|Input/Output/Workflow Scanning, printing, color management, and discussing best practices for control and repeatability|
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Calibration Questions - Newbie
Please could someone be patient with my ignorance and take a few moments to help me out with this? I recently had some of my artwork and photography printed through Photobox and the prints turned out dark and green-hued. A friend has the Spyder3 and is going to help me calibrate my monitor in the new year, so I've been doing some reading up on it and have a few questions:
Some tutorials say the monitor should be restored to the factory default setting before calibration. Is this the case? I've searched through the control panel options and can't work out how to do this on my Packard Bell laptop.
As I don't have a printer, what's the best way to make sure the calibration is correct before I go and re-edit all my work? Should I keep paying for test images from online printing places? Are some known to be much better than others? I've only ever used photobox.
Should I be creating all my work in Adobe RGB, and convert it to sRGB only for putting online? I've always worked in sRGB.
Since I plan to try selling high-quality prints of my work, but in realistic terms currently only share it online, will it be a problem if my monitor is calibrated but the majority of people have the same too-bright/blue tinted LCD screens that I currently do? That is, will the images look wrong to their biggest audience?
Any advice based on your own experience and dumbed down a little for me would be greatly appreciated, thank you.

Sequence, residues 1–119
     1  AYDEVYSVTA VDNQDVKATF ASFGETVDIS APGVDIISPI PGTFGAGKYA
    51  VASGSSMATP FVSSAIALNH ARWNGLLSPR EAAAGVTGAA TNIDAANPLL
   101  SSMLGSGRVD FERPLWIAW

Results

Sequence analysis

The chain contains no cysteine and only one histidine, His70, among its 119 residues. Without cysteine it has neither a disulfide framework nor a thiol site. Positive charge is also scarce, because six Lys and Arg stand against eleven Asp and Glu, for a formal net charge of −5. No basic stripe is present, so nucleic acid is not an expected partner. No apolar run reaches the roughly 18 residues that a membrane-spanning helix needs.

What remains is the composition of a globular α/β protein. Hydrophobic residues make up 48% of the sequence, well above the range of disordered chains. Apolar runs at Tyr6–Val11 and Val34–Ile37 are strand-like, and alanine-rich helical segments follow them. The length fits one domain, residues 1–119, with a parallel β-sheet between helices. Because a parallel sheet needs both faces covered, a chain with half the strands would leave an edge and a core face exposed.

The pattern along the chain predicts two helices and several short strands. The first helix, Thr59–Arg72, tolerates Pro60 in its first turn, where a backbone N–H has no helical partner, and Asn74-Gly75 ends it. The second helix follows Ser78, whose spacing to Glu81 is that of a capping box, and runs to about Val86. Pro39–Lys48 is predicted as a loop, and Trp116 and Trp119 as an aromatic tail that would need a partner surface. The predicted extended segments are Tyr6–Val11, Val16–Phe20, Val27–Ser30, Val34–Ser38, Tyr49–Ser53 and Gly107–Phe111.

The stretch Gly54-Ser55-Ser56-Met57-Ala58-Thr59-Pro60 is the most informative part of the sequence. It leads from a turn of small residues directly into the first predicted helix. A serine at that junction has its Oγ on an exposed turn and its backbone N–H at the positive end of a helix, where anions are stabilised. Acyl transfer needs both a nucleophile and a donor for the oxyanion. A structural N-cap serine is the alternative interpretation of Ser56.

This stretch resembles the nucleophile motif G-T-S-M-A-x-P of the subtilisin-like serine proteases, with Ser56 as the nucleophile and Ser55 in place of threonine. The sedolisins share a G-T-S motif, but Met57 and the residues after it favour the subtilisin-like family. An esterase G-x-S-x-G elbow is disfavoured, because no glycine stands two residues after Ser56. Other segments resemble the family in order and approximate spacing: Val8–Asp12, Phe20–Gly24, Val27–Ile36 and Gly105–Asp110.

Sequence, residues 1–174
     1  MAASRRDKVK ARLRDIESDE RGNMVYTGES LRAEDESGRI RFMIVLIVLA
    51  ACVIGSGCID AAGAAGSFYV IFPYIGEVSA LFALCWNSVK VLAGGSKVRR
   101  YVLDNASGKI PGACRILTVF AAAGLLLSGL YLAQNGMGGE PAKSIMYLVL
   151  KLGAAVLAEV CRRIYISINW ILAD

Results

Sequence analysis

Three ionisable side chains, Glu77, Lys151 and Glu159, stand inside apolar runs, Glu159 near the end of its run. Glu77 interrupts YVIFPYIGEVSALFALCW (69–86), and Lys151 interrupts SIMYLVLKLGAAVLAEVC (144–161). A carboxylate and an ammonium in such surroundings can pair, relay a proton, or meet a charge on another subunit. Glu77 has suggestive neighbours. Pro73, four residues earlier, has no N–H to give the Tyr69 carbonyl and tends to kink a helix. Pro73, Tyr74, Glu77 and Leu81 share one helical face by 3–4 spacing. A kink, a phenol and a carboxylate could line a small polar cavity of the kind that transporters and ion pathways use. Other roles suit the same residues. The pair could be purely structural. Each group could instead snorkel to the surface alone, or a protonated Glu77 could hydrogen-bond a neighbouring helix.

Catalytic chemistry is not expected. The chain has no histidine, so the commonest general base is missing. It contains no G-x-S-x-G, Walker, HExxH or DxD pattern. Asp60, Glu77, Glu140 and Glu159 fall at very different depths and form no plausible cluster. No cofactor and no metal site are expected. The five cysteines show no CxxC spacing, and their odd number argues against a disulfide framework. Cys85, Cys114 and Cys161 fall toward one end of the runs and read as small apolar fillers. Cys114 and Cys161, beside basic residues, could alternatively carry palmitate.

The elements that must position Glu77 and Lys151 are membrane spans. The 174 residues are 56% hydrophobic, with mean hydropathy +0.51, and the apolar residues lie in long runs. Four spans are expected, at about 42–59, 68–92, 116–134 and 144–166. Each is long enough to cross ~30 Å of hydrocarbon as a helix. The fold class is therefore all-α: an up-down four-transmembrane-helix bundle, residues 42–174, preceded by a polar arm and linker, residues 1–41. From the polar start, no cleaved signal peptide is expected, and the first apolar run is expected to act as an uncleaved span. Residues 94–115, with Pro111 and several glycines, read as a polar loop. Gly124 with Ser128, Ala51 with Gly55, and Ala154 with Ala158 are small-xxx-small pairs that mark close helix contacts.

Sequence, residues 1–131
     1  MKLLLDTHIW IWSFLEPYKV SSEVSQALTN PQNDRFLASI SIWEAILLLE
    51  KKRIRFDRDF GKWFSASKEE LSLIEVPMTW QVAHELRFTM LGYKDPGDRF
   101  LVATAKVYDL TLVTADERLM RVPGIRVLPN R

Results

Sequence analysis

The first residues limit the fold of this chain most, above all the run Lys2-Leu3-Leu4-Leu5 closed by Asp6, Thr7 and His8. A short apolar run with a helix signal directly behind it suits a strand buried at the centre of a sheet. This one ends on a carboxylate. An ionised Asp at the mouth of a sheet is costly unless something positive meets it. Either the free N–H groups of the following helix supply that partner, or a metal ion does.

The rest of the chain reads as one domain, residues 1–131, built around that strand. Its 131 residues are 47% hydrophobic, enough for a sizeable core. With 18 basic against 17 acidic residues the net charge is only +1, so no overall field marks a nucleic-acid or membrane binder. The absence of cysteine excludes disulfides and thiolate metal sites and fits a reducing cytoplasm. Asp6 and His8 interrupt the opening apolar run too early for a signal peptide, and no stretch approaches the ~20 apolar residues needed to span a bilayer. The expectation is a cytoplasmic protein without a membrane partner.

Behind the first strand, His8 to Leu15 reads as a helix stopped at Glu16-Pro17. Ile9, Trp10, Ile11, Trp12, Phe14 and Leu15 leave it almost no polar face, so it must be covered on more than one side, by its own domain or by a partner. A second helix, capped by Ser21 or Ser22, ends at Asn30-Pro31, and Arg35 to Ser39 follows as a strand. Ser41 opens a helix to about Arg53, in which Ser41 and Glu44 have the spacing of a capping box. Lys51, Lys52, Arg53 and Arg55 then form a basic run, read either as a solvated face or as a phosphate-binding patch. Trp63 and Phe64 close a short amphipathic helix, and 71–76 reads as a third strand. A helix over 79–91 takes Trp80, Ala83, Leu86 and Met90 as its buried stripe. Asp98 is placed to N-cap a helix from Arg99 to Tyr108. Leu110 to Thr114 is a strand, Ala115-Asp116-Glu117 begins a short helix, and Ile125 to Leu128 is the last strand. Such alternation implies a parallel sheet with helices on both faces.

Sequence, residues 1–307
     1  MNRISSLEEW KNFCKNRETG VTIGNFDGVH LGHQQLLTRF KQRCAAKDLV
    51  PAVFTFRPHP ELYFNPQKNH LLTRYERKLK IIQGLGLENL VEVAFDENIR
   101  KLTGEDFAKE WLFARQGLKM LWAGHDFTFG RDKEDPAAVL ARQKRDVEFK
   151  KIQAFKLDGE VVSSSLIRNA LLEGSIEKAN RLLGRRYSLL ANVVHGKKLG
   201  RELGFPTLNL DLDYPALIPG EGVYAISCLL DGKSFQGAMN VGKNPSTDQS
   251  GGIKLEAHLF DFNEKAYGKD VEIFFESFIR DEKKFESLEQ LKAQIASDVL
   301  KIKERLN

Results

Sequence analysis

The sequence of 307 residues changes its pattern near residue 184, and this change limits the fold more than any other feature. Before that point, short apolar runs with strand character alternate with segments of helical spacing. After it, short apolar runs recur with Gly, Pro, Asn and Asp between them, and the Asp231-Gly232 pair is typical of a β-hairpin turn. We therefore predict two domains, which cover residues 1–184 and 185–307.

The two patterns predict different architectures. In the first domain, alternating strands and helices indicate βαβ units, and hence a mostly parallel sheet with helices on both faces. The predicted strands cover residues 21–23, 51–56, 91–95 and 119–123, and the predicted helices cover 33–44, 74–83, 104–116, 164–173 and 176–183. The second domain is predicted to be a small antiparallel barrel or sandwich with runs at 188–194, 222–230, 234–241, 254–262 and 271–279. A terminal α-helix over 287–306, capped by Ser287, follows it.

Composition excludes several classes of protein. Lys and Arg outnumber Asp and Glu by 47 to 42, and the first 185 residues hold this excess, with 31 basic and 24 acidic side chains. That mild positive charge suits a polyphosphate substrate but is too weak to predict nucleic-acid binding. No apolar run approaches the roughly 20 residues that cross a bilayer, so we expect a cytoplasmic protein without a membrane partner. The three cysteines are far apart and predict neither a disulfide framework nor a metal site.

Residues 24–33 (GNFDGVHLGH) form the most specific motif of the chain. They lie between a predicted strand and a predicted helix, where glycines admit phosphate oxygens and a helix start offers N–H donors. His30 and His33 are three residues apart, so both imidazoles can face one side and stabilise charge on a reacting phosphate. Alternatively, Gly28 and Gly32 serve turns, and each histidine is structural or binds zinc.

Re: Calibration Questions - Newbie
Best way to calibrate is using the spyder with Argyll+dispcalGUI http://forums.dpreview.com/forums/re...0&changemode=1
Anyway here some info:
Practical guidelines and references for digital photographers
Color Spaces: Beyond Adobe RGB
SRGB x Adobe RGB
ProPhoto or ConPhoto?
Why are my prints too dark?
Soft proofing (lots of good stuff there)
Using Printer Profiles with Digital Labs
Re: Calibration Questions - Newbie
Just a few things to note, in case you're using an LED screen they don't profile well. You want to get it to a point where your monitor white is a close brightness approximation of your print whites. I never liked Spyder very much. The unit to unit variation is considerable. They drift over time, and they are not really perfect in consistency from one profile to the next.
If your prints are dark relative to your display, it's set too bright. Maximum brightness should "never" be used as it's a moving target. Your maximum brightness today is different than it will be months later. Green hue on prints = monitor is biased toward magenta relative to your prints. Prints can vary anyway. If you're really picky it takes testing, but you should be able to get closer than you seem to be right now.
I mentioned the issues with spyder because in the past I've seen them unable to deliver even a definitively neutral greyscale. The human eye can't pick out a perfect grey, but it was noticeably off. I just ordered an i1 display pro recently as my DTP-94 broke (it was in need of replacement anyway). I will mention the results at a later time. If you do go to calibrate your display, remember to give it a half hour or so to warm up before doing so.
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